Inspired by bees, scientists teach robots to communicate with ‘motion dances’

An international team of researchers was inspired by bees to teach robots to understand human gestures and transmit them with their “motion dance”.

Bees communicate the location of flower spots using an elaborate dance. (Illustrative image) (Image credit: Pixabay)

Taking inspiration from bees, an international team of researchers have developed gesture recognition that will allow robots to communicate with each other by “dancing” with a coordinated set of gestures to convey information. The research is published in the journal Frontiers.

In nature, once a honey bee finds a patch of flower where it can extract nectar, it returns to the hive to warn other bees. Once there, he performs a “dance dance” to tell the other bees about the location of the flower part. Other bees interpret the movements and duration of the dance to understand where the flower part is in relation to the hive. Researchers used a similar technique to ‘teach’ two robots to communicate with a dance.

“A visual communication system has been developed for robots with onboard cameras, using algorithms that allow the robots to interpret what they see. Humans and robots communicate using gestures, such as a raised hand with a closed fist,” Abhra Roy Chowdhury, senior author of the paper, told indianexpress.com in an email interaction. Chowdhury is the head of the Laboratory of Robotics Innovation at the Center for Product Design and Manufacturing at the Indian Institute of Science in Bengaluru.

Chowdhury and his co-author Kaustubh Joshi, a doctoral student and research assistant at the University of Maryland, developed a proof-of-concept for this communication system using two robots that served as proxies for package-handling robots.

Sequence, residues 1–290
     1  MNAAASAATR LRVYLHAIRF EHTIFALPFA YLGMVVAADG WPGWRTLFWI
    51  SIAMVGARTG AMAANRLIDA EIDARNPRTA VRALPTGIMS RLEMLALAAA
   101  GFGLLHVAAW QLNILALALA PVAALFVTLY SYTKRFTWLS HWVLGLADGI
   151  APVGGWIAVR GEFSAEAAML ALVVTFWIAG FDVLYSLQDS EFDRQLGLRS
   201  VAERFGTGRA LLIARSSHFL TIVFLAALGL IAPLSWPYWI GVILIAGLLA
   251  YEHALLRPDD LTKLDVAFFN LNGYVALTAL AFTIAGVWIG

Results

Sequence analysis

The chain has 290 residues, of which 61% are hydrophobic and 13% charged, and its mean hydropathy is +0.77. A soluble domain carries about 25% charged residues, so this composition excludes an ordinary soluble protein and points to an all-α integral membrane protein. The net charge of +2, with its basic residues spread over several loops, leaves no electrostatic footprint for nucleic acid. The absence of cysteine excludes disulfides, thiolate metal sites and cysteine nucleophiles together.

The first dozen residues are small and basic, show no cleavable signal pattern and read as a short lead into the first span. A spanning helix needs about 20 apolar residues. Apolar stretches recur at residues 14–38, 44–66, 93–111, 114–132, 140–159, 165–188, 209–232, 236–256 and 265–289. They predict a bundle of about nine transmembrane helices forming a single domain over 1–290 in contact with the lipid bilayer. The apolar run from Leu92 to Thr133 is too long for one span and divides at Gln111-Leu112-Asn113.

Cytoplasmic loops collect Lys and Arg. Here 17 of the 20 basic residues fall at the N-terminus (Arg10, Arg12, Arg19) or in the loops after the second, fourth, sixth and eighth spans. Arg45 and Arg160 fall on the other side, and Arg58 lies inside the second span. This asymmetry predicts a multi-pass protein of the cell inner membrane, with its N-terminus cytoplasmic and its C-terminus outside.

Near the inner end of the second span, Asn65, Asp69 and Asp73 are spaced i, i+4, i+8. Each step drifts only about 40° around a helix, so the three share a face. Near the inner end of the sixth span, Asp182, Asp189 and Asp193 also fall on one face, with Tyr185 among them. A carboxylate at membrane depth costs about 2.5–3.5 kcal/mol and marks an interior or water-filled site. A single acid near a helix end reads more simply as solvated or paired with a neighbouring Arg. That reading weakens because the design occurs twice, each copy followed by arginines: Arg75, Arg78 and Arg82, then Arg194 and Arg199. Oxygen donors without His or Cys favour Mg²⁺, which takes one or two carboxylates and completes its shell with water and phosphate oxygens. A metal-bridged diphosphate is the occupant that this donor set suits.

First, a human operator used hand gestures, such as a raised or clenched fist, to convey a coded message containing the location of a ‘package’. A robot detected these gestures and decoded the message to understand the location of the package based on a map of the environment that was encoded in it. It was then able to relay the same information to a second robot through a jump. The robots were able to successfully interpret and transmit information 93.33 percent of the time during the experiments.

Robots usually communicate with each other using various digital networks, including wireless communication. But according to Chowdhury, there may be situations where network communications are not available but robotic work is required, such as in disaster areas or during spacewalks. Since the robots in the study used simple cameras to identify gestures, the technology has the potential for scalability.

Chowdhury told indianexpress.com that he and Joshi are now working to make the technology more accurate and powerful so that it can be used to convey more complex messages, tasks and instructions.

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